Daily Archives: January 17, 2012

Suspense on the Reginald Hill

I only want to add a small footnote to the obituary of crime writer Reginald Hill, whose passing is covered adequately elsewhere http://www.guardian.co.uk/books/2012/jan/13/reginald-hill?intcmp=239
Hill was one of the few popular crime fiction writers to do suspense.
The detective thriller is mostly modelled across the world on the American template, a series of puzzles within the main enigma. The author will make a cryptic statement, explained three or four sentences later. A mystery introduced in chapter 9 will be solved in chapter 10, 11 or 12. This is the structure of the page turner and a profitable one it is.
Hill, most famed for the Dalziel and Pascoe series, liked to mix it up more, accounting for his literary forays into historical novels, adventures, and rural comedies.
He liked to imbue humour, whimsy and sometimes satire, in  Dalziel and Pascoe novels as well as suspense.
Suspense is a different animal to mystery or the puzzle. 
The 20th century doyen of suspense was film maker Alfred Hitchcock. The stratagem of the auteur is to have the villain and the viewer/ reader privy to to the violent plan which is unknown to the intended victim.
Suspense is a wonderful device. The late Reginald Hill, an expert  proponent keeping it alive, we salute you.

Real books are for people who cannot accept reality


eBooks are real: there I have said it.
I thought we would quickly see the end of the absurd term “real books’’ favoured by counter revolutionaries in publishing, literary retail and  media. It seems not.
The homage to the 3D book – I think that is a term we can agree on – the video  The Joy of Books’ has rightly gone viral on You Tube. It approached two million views when I last looked with 28,000 likers and 160 dislikers. I think many of the naysayers were more turned off by the propaganda than perceived lack of quality. At the end of the comes the moral: “There is nothing quite a like a real book.’’
Well, those books in the video appearing on our flat computer screens look much like 3D books, thanks to digital technology. Here’s the rub: this surreptitious attack on digital books is only possible because of digital technology. If the story was told in a 3D book it would never have reached two million readers in a short space of time.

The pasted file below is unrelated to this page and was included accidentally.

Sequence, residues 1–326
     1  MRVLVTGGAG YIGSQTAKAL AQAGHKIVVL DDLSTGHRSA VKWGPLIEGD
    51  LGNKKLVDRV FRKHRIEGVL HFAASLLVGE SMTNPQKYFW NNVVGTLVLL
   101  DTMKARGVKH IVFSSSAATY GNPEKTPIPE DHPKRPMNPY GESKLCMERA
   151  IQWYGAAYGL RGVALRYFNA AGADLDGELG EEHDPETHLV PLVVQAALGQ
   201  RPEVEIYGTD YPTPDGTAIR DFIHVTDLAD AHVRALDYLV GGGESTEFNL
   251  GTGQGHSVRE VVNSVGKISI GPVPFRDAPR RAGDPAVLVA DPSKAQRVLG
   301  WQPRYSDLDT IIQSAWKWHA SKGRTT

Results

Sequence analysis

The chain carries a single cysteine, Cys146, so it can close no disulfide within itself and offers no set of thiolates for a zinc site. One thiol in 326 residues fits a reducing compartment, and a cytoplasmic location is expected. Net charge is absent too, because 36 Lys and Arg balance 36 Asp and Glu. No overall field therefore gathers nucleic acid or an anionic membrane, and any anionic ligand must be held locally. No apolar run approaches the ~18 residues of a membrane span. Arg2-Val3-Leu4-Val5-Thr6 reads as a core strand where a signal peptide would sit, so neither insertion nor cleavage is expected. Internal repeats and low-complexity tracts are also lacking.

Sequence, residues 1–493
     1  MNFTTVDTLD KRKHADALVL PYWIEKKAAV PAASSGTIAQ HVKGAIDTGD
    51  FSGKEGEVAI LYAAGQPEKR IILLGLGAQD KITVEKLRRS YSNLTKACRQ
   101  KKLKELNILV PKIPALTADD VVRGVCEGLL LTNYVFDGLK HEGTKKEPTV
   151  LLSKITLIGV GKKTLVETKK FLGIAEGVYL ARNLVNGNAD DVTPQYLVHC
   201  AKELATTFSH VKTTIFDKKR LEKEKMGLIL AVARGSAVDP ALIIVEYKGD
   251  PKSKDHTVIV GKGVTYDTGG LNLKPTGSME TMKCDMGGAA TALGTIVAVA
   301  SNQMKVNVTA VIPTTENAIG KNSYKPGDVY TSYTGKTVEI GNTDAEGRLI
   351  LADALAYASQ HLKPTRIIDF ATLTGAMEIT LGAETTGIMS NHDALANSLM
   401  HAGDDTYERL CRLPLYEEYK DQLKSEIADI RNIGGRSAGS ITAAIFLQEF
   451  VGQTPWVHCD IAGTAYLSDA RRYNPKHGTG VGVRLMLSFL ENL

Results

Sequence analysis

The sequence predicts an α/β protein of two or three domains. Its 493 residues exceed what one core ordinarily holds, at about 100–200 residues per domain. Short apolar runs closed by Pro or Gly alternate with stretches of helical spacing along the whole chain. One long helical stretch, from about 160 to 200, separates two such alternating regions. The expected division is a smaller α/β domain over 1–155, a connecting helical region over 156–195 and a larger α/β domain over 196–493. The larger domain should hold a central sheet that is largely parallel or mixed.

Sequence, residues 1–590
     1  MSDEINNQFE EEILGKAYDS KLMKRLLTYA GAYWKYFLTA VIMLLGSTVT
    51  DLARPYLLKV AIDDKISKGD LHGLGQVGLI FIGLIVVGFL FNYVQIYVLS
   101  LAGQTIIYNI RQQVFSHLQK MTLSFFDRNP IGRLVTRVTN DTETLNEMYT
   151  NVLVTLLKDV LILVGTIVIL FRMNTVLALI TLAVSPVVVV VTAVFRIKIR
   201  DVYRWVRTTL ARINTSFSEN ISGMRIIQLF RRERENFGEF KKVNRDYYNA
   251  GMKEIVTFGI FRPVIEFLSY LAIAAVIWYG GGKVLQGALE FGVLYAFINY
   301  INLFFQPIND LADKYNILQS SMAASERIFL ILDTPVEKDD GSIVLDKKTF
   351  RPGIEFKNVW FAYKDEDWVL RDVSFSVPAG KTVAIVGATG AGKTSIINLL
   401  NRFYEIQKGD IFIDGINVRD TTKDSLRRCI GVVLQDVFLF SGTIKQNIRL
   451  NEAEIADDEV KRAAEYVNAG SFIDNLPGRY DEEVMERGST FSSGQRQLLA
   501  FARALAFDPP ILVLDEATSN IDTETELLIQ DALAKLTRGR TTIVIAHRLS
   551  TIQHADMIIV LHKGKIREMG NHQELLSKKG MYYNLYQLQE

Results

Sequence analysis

Irony is a much abused word but it is an appropriate description here. Let us vow to poke fun at real books as humour is a good debunker of silliness.
Most real books are fiction with fantasy, romance and the supernatural some of its popular genres. Almost all reality in 3D books is rendered by text which comes from the Latin to weave thoughts. http://www.etymonline.com/index.php?term=textMost reality is comprised of thoughts. Descartes was right: I think therefore I am. Unfortunately the first “I’’ presupposes a human before they start thinking or reading real books. But that quibbling is for the philosophers to worry about. The counter-revolutionary literati know what’s real.
Text in eBooks looks much the same on a flat screen as it does on the flat page of a real book. But there is obviously a difference beyond some book fonts translating better than others to the screen. I created a controlled experiment reading Alice in Wonderland in the 3D book and as an eBook.
I was quite disturbed when the Walrus said, The time has come, my little friends, to talk of other things  Of shoes and ships and sealing wax, of cabbages and kings / And why the sea is boiling hot, and whether pigs have wigs.’’ I knew we had climate change but I had no idea the sea had turned boiling hot. Yet I could not shrink from this disaster which was in a real book. Only when I read the digital version a couple of times did I realise Lewis Carroll made it up to make us laugh.
My adverse experience with a real book aside, I wish the counter-revolutionaries well. I, too, like 3D books and I have four of them sitting near my computer screen. Let’s just have the debate within a circle of sense and sensibility and exclude the nonsense of a real book. Elsewise, we will need to continue to extract fun from it.Can you think of anything else funny about real books?
Cheers
Bernie